Card sorting is a simple technique in user experience design where a group of subject experts or “users”, however inexperienced with design, are guided to generate a category tree or Taxonomy. It is a useful approach for designing information architecture, workflows, menu structure, or web site navigation paths (Source: WikiPedia)
Card sorting is a simple technique in user experience design where a group of subject experts or "users", however inexperienced with design, are guided to generate a category tree or folksonomy. It is a useful approach for designing information architecture, workflows, menu structure, or web site navigation paths.
Card sorting has a characteristically low-tech approach. The concepts are first identified and written onto simple index cards or Post-it notes. The user group then arranges these to represent the groups or structures they are familiar with.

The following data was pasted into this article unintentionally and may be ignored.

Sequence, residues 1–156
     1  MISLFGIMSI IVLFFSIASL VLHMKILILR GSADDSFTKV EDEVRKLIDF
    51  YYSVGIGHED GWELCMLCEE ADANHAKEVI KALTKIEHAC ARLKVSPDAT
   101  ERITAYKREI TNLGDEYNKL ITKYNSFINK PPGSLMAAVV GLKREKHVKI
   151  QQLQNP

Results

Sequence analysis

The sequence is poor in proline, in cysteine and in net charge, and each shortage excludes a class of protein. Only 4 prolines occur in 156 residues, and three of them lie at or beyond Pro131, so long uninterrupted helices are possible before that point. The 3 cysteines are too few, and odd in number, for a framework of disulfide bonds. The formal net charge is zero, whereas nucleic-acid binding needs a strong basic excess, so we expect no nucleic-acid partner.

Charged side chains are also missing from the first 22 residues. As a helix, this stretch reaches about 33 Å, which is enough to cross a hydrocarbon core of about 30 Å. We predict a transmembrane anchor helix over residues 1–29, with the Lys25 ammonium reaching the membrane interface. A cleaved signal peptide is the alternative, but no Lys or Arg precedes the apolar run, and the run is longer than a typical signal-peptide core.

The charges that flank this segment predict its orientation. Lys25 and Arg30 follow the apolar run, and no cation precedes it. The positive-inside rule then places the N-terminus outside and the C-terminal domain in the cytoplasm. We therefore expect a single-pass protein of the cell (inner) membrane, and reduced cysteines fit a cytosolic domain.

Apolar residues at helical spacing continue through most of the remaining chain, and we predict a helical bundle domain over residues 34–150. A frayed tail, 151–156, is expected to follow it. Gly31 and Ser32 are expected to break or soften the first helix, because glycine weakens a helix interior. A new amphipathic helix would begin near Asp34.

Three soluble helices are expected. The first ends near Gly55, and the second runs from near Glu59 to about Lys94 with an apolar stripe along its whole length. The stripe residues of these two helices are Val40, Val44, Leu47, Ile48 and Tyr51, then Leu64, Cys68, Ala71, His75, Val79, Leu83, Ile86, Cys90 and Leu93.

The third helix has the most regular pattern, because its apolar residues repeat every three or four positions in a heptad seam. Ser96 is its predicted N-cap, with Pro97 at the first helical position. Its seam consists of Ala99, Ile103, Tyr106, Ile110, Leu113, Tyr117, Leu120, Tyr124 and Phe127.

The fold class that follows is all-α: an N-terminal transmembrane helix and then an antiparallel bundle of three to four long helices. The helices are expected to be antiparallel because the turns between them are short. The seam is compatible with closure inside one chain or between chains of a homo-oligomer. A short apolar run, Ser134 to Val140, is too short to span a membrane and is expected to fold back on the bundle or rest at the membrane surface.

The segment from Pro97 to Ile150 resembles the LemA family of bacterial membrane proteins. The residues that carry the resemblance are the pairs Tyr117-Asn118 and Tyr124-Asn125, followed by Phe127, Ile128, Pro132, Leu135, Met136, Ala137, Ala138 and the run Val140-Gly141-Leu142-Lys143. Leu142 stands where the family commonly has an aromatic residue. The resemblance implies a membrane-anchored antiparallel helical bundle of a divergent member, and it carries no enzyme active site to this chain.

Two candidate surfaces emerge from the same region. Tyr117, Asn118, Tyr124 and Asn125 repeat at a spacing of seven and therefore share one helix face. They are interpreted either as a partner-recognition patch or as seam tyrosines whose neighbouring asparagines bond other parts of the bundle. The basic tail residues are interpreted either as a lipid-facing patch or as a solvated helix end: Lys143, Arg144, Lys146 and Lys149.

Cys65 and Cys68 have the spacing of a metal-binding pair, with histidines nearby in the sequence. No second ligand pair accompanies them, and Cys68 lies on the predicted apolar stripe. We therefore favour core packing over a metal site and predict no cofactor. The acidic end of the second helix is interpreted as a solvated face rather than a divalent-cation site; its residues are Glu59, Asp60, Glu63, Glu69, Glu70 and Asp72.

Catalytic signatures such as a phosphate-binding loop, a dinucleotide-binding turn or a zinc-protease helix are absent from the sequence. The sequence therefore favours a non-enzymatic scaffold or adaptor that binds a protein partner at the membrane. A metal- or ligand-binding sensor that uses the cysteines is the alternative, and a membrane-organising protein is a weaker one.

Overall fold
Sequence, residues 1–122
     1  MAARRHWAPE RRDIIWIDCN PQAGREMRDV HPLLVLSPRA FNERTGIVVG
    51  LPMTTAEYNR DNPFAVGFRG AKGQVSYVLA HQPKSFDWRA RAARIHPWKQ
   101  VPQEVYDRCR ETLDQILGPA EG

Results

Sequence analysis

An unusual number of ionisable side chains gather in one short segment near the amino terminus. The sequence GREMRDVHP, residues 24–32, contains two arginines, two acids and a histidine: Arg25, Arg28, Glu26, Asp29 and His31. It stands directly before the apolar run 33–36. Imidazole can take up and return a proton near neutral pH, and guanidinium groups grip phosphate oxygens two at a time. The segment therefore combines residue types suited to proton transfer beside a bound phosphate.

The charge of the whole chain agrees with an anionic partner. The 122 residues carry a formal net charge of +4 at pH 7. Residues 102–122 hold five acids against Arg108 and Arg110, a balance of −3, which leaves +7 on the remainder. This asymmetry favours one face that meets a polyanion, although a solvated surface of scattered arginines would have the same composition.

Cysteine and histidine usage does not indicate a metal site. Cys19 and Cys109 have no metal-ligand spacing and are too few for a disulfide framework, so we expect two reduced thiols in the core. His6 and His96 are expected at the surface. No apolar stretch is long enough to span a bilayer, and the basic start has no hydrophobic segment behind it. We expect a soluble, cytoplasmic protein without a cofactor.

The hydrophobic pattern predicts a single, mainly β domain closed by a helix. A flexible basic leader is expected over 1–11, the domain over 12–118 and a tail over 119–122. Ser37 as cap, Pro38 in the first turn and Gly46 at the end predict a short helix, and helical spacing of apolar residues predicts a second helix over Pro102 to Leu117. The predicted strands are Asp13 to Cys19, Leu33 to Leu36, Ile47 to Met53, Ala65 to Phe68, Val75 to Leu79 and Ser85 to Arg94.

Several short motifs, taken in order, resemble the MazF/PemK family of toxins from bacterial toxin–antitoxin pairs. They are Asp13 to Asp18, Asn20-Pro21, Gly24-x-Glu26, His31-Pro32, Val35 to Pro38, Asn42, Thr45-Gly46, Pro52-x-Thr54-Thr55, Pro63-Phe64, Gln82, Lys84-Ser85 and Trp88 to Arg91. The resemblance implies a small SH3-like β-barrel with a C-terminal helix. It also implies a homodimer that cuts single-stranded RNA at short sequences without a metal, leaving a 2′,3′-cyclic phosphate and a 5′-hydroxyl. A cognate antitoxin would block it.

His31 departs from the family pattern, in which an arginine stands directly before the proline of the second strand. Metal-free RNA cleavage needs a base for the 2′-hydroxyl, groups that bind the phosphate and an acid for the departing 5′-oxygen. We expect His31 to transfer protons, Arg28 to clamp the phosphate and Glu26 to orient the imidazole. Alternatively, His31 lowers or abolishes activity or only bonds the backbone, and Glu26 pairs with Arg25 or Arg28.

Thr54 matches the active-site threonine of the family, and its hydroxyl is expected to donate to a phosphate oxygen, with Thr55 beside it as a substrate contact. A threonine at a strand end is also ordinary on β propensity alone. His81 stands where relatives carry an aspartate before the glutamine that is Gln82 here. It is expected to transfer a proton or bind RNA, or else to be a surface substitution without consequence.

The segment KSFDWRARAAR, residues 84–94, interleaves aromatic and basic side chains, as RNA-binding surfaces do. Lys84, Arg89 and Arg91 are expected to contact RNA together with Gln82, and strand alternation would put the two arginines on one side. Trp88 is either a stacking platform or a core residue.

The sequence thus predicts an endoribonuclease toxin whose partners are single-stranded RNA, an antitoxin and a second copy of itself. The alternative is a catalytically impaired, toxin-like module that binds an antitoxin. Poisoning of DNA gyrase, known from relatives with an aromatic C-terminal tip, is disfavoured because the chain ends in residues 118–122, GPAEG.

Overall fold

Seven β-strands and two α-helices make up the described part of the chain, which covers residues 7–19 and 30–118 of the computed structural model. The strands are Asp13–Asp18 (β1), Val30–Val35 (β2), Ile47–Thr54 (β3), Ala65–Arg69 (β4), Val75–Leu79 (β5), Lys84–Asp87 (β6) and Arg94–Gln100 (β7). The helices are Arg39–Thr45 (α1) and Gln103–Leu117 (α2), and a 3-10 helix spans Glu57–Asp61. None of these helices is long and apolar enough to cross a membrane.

Groups may either be organised as collaborative groups (focus groups) or as repeated individual sorts. The literature discusses appropriate numbers of users needed to produce trustworthy results.
A card sort is commonly undertaken when designing a navigation structure for an environment that offers an interesting variety of content and functionality, such as a web site. In that context, the items to be organized are those that are significant in the environment. The way that the items are organized should make sense to the target audience and cannot be determined from first principles.
The field of information architecture is founded upon the study of the structure of information. If an accepted and standardized taxonomy exists for a subject, it would be natural to simply apply that taxonomy as a means of organizing both the information in the environment and any navigation to particular subjects or functions. Card sorting is applied when:
- The variety in the items to be organized is so great that no existing taxonomy is accepted as organizing the items.
- The similarities among the items make them difficult to divide clearly into categories.
- Members of the audience that uses the environment may differ significantly in how they view the similarities among items and the appropriate groupings of items.